The 1950 census prompted a story about the south suburban area of Cape Girardeau. This aerial view is looking north with the former Highway 74 (now Southern Expressway) at the top left corner, intersecting South Sprigg Street, at left. (G.D. Fronabarger photo)
May 27, 1950 Southeast Missourian
They Call it Smelterville!
Name Hung on Whole South Side Area Only Refers to One Part
For years we have called it Smelterville! Anything below the foot of the old toll gate hill as it was once known or in more modern words on the other side of the intersection of new Highway 74, it was all the same in name to the people uptown.
When the river came up and the people "across the track" were forced to move, we said they "fled from Smelterville." When the water receded and they started moving back--as they always do--they were returning to Smelterville, we said.
Some things were said about this across the track section that were not exactly complimentary; some reference was made to the shacks filled with the river's dirty mud; to the one source of water; to how some of the people lived. Always it was Smelterville that was referred to and it wasn't Smelterville at all.
Only a Small Part
You see Smelterville actually is only a small part of the section of town that starts at Boundary street, is hemmed in on the east by the Mississippi River and on the west by Sprigg street and is bounded on the south by Cape La Croix Creek.
Smelterville is a small rectangular section lying between Sprigg street and the Frisco railroad tracks, starting at La Cruz street (the John Dietiker store and Hartle Trucking Co. corner) on the north and running to Cape La Croix Creek. That is all of it. It does not include any territory "across the tracks" and in all respects is just a small compact settlement of some nice buildings. Altogether there are 53 owners of property in Smelterville, taxpayers if you please.
Smelterville is a section of home owners, of home business and of home churches.
But what of the rest of the section we call Smelterville?
There are two other distinct parts of the area. One is the Village of Girardeau and the other is Leadville.
The larger and the one at parts of which the finger is pointed more often is the Village of Girardeau. It embraces all territory east of Sprigg street and on both sides of the Frisco tracks from Boundary street to La Cruz street where Smelterville begins. It runs from Sprigg street to the river. It is the section across the tracks where the river comes in most often. It is the section that provokes the talk about better housing, although it has some nice houses. It is the district in which there is no sewer system, therefore outside sanitary facilities are the rule, not the exception.
The Village of Girardeau has only one owner, the tax records show, the Aquamsi Land Co., the Houck interests.
Own Their Homes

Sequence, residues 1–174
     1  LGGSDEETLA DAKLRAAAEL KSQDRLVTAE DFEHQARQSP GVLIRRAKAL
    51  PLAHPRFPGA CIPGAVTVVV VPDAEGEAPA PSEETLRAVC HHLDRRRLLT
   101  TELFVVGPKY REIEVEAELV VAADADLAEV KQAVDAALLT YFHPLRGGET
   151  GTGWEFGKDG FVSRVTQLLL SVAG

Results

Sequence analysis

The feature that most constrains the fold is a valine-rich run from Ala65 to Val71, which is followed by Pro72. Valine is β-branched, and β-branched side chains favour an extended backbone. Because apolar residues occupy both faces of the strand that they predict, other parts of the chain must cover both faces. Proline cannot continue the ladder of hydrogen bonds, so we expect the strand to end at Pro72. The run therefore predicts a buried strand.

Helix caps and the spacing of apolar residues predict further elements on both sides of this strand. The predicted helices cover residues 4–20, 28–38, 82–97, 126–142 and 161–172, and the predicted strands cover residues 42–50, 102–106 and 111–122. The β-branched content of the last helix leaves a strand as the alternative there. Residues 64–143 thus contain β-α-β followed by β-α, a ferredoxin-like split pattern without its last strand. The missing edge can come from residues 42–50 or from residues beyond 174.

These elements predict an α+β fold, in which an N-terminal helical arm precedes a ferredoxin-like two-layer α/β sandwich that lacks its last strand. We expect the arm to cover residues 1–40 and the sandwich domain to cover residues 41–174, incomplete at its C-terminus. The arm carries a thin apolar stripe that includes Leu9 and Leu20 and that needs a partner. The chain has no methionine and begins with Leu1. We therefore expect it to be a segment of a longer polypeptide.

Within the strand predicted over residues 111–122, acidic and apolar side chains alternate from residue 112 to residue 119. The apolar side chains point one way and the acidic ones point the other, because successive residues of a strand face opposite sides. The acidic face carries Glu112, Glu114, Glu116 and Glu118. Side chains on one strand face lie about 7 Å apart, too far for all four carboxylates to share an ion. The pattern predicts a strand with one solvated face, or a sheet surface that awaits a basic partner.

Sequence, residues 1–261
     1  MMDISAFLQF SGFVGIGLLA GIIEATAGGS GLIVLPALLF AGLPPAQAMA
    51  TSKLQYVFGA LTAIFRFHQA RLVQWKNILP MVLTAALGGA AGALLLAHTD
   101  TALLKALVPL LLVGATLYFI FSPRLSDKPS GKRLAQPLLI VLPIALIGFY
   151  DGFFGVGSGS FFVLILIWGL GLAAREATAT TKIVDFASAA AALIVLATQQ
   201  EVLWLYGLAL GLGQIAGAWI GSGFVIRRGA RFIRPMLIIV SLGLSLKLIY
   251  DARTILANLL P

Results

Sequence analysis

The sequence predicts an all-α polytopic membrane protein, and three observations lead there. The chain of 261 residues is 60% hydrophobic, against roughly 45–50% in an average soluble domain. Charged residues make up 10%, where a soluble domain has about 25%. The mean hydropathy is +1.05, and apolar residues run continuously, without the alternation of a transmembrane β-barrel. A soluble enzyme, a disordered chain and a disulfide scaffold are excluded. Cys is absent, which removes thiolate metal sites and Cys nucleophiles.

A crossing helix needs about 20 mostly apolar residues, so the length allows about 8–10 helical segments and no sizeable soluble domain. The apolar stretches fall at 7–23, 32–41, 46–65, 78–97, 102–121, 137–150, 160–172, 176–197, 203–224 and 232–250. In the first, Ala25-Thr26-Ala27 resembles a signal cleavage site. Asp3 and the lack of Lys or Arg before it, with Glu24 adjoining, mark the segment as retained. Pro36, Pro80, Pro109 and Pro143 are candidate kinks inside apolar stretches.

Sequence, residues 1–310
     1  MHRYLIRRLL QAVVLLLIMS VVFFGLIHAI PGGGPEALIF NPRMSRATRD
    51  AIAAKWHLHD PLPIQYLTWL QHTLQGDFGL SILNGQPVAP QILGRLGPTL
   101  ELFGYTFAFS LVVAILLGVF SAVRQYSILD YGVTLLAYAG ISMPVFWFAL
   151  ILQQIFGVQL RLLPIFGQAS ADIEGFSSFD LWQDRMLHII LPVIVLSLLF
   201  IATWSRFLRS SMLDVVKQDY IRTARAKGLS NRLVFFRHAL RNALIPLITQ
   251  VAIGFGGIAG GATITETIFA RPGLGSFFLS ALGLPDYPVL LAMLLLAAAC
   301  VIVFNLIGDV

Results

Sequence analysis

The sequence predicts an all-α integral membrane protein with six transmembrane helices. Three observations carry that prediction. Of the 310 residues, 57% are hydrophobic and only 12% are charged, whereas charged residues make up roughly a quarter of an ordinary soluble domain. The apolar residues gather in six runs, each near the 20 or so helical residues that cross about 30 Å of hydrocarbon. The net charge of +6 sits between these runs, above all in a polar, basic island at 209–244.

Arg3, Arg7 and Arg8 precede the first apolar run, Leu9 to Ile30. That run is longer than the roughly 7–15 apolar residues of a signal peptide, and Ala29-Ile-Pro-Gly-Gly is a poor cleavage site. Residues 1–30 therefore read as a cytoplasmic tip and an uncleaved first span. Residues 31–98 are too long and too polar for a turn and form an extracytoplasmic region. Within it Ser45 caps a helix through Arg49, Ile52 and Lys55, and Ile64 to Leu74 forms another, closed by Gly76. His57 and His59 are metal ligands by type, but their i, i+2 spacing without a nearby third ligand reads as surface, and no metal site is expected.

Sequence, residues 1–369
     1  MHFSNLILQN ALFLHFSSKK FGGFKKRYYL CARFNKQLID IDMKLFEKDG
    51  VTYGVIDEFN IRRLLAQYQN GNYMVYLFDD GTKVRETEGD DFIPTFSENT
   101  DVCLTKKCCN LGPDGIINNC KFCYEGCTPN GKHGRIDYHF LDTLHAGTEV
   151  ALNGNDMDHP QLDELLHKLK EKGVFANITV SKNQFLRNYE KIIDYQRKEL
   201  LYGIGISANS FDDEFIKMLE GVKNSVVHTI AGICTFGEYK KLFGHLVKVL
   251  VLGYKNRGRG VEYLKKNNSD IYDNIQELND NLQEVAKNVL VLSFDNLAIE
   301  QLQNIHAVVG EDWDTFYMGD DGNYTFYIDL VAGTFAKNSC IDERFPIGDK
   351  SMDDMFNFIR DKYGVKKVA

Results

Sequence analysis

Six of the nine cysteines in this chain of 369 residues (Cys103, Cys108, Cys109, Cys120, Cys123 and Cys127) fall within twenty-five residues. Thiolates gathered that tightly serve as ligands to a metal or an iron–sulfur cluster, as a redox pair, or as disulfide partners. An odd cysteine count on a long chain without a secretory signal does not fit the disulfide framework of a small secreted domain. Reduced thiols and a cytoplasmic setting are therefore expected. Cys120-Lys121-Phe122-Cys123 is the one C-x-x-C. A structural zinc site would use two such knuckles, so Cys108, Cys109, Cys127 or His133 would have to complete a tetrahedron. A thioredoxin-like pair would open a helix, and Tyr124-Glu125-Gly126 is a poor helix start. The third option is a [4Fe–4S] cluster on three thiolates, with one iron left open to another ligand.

It might be said that in the Village of Girardeau everyone owns his own home, but no one of them owns the land on which the dwelling is located. The people say they get a long term lease for the payment of a nominal fee, $5 for example, and all they have to do ever afterwards is to pay the taxes on the property. The company representative collects that each year, they say.
Some of the lots are assessed at from $20 to $30 each, some others at over $200 each. Total property assessment in the Village of Girardeau is $21,160 on which more than $600 in taxes must be paid per year.
Smelterville has a property assessment of $20,860, while total assessment in Leadville is $3020.
There are four churches in the suburban area, five counting Hely's Chapel atop the bluff on the stone company property. Others are Southside Baptist, Pentecostal Assembly, Holy Family Catholic and New Bethel Baptist (colored).
Nine stores serve the area, some of them in each territory, the largest in Smelterville.
Houses in the Village of Girardeau extend all the way to the river and peculiarly enough seem to follow the small creek that skirts through that section at the foot of the old toll gate hill. It is in the section near the river that the water supply is confined to one community hydrant. The city put that in several years ago after the pipe was run from the closest water main.
White children from the area attend May Greene School; the Negro children go to the Cobb School, being transported by bus, or Holy Family School.
It is difficult to determine how many people live in the three suburbs, although they have been counted before and were counted again this spring. The population is somewhat shifting.
One man familiar with the situation placed the number at around 700, almost equally divided among Whites and Negroes. One estimate count listed 165 families.
Some of the Negroes in bygone years worked at the Hely rock crusher in the days when stone was crushed by hand hammer, the number at one time being as high as 70. Now only about four work at the plant, the Federal Materials, with the crushing being done by machinery.
The stone company at the beginning erected several houses for its employes, these being located on its own property south of Smelterville, and these are still being maintained, with employes paying a rental of $6 a month, the same as at the beginning. A church the late Edward Hely erected for his employes on a high hill still is maintained for them.